V.V. Raghavan, J.
1. The petitioner in the Election Original Petition No. 30 of 1970., on the file of the Court of the Election Tribunal (Principal District Munsif), Turaiyur, is the petitioner herein. The revision petition under Article 227 of the Constitution of India is directed against the order of the Election Commissioner, rejecting the petition seeking to declare the election of the first respondent to the office of the Vice-Chairman of the Thathiangarpet Panchayat Union Council as invalid.
The petitioner's case is that he and the first respondent contested for the Vice-Chairmanship of the Panchayat Union Council, Thathiangarpet, that after the counting of the votes the petitioner was announced to have secured 13 votes and the first respondent who originally secured 12 votes, one of the votes on the further scrutiny was held to be valid with the result that both the petitioner and the first respondent secured 13 votes each and lots were cast and the first respondent was declared elected as the Vice-Chairman of the Panchayat Union Council. The present Election Original Petition out of which the Civil Revision Petition has arisen is filed to set aside the election on the ground that the disputed one vote contained 2 marks from which the voter could be identified, that the secrecy of voting has been violated and that the disputed vote should not have been taken into account in favour of the first respondent and that consequently the petitioner should be declared elected he having secured 13 votes as against 12 votes of the first respondent.
2. The first respondent filed a counter contending that after scrutiny and counting of the votes cast, both the petitioner and the first respondent were declared to have obtained 13 votes each and as per the Rules lots were cast and the first respondent became successful and consequently declared elected as Vice-Chairman, that no objection was raised by the petitioner until the lots were cast, that the petitioner, having taken a chance of getting elected as a result of casting of the votes, has filed the present Election Petition because he did not succeed finally.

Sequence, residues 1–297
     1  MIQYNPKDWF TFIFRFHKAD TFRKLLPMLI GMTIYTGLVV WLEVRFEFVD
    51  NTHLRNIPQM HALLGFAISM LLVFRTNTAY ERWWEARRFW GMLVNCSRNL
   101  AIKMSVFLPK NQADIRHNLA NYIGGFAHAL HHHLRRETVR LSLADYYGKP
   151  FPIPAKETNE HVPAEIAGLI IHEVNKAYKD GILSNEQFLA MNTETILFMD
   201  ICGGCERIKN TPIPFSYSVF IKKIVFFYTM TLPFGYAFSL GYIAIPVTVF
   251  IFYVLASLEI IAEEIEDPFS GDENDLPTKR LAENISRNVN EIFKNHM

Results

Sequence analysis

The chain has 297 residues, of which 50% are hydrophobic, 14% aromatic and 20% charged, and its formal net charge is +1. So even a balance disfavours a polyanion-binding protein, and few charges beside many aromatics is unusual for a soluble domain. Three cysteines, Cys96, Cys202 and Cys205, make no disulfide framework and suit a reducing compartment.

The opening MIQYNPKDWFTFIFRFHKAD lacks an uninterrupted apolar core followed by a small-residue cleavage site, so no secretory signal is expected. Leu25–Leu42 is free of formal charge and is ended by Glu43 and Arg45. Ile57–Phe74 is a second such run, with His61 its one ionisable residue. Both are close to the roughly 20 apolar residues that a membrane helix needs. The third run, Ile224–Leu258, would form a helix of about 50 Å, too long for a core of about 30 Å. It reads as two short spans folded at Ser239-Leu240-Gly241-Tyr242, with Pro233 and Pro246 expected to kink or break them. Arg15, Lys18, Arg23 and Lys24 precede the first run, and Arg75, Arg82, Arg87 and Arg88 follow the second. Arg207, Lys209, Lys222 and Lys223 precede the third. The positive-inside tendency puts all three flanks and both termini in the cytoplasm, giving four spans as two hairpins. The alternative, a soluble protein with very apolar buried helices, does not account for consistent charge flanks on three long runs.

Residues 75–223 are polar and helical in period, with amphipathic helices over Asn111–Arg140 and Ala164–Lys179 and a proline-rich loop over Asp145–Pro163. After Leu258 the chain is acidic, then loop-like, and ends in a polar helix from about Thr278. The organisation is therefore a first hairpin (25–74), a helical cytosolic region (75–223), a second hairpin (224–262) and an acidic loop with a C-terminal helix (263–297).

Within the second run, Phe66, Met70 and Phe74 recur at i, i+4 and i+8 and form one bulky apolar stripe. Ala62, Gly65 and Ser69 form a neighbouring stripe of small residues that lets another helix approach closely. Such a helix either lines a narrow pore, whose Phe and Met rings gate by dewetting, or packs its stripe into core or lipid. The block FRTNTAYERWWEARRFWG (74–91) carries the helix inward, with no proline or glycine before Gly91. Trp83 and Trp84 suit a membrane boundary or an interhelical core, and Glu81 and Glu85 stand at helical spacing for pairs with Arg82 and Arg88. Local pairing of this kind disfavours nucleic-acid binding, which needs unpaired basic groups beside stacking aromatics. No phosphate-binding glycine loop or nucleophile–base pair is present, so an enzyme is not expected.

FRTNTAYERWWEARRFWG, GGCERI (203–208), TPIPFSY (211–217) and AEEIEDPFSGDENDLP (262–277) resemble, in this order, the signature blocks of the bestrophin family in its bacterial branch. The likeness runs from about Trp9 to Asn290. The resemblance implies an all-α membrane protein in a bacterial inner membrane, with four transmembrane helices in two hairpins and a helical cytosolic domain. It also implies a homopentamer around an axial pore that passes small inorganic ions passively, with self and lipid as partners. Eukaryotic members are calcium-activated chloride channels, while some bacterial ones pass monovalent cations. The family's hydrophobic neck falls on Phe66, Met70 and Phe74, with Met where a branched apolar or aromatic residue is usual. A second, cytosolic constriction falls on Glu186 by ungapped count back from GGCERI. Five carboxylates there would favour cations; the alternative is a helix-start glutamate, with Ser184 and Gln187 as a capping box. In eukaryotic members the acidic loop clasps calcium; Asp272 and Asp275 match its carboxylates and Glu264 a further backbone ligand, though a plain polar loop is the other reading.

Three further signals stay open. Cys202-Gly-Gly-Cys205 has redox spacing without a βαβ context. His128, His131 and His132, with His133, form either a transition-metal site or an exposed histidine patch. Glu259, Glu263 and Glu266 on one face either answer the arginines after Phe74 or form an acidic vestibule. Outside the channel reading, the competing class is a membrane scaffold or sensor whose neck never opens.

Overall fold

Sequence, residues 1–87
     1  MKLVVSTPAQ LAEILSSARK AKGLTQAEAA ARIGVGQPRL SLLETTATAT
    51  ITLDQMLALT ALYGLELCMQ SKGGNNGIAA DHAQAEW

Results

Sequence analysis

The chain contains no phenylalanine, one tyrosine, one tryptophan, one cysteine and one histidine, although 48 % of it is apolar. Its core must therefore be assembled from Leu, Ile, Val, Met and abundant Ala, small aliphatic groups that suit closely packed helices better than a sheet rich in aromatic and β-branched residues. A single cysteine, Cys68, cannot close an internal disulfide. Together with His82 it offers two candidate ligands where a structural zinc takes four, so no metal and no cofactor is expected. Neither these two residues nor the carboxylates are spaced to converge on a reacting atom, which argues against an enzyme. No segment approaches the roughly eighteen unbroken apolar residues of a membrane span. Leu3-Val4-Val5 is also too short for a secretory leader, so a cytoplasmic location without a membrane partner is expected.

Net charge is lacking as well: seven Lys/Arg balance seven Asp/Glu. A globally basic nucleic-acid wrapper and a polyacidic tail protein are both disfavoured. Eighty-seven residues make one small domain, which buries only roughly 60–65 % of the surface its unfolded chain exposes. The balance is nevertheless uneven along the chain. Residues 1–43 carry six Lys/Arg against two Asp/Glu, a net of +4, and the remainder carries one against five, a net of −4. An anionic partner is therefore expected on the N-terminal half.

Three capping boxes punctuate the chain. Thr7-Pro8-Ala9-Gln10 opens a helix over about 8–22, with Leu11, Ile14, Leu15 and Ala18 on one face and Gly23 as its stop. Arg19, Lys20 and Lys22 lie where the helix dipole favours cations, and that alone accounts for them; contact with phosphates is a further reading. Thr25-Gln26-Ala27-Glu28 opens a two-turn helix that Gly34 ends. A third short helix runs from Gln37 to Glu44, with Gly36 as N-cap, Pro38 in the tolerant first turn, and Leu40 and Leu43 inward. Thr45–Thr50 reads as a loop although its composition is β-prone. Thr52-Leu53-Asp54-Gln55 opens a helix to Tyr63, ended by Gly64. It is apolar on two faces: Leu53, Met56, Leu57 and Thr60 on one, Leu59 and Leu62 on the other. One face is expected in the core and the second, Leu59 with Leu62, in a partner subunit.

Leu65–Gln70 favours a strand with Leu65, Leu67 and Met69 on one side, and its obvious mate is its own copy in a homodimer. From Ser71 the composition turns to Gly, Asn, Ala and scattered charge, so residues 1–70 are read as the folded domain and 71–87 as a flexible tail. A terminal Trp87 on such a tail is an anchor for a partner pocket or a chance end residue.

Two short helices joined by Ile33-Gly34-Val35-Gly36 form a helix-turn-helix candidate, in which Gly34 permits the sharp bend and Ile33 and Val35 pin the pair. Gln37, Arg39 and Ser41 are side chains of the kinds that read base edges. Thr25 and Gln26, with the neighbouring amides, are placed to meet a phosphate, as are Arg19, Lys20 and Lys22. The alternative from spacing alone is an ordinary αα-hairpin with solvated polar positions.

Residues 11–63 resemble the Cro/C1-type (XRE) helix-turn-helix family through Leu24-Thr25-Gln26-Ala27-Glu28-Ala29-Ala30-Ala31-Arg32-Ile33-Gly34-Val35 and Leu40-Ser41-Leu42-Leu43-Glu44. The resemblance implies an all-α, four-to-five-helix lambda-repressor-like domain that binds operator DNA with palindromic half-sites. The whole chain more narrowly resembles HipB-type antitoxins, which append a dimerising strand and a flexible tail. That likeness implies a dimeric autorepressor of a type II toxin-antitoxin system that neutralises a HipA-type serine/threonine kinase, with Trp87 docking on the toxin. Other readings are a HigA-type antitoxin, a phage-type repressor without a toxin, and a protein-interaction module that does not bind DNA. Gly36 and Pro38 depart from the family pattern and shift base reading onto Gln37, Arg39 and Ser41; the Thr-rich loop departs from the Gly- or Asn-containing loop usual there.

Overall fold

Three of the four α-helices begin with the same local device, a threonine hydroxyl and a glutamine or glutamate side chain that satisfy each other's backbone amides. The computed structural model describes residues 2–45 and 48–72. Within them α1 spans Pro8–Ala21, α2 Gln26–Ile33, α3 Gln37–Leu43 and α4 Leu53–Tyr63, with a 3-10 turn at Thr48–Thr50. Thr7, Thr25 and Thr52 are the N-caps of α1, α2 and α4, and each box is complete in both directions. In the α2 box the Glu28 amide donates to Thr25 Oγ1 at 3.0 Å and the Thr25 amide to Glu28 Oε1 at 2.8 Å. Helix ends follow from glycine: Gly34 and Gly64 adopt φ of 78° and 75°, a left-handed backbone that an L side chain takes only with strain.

3. The Tribunal as a result of an elaborate enquiry came to the conclusion that in the ballot paper in question there are no marks other than the cross marks except the fact that two marks are set against the name of the first respondent one over the other perhaps as a result of folding the ballot paper. The Tribunal also held that under the Rules the ballot paper containing the two marks cannot be declared invalid. In the result, the petition was dismissed. The present Civil Revision Petition is filed against the said order.
4. The learned Counsel for the petitioner contends that the Tribunal erred in holding that the ballot paper containing the two marks is a valid one. In my view, the Tribunal has come to the correct conclusion. The Rules do not show that there should not be more than one cross mark for the candidates to whom the vote is cast. In fact, two cross marks may have resulted from the folding of the ballot paper and the finding of the Tribunal that the disputed vote had been validly taken into account is a question of fact and the finding on the question is correct and that finding cannot be attached in a Revision Petition under Article 227 of the Constitution. The Supreme Court in a series of cases has held that the jurisdiction of this Court under Article 227 of the Constitution is only administrative.
5. The Civil Revision Petition, therefore, fails and is dismissed. There will be no order as to costs.